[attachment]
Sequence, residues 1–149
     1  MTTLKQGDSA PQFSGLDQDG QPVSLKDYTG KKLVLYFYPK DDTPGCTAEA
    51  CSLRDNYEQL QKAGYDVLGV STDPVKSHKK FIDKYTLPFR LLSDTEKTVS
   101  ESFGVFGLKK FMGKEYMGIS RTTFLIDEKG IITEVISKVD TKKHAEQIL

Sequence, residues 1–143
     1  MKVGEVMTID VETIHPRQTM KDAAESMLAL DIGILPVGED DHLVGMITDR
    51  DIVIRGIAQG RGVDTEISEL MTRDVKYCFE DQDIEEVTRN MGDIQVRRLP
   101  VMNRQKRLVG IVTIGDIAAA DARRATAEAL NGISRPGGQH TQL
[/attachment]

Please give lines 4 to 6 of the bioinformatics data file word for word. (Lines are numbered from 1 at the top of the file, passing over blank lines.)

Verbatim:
   101  ESFGVFGLKK FMGKEYMGIS RTTFLIDEKG IITEVISKVD TKKHAEQIL

Sequence, residues 1–143
     1  MKVGEVMTID VETIHPRQTM KDAAESMLAL DIGILPVGED DHLVGMITDR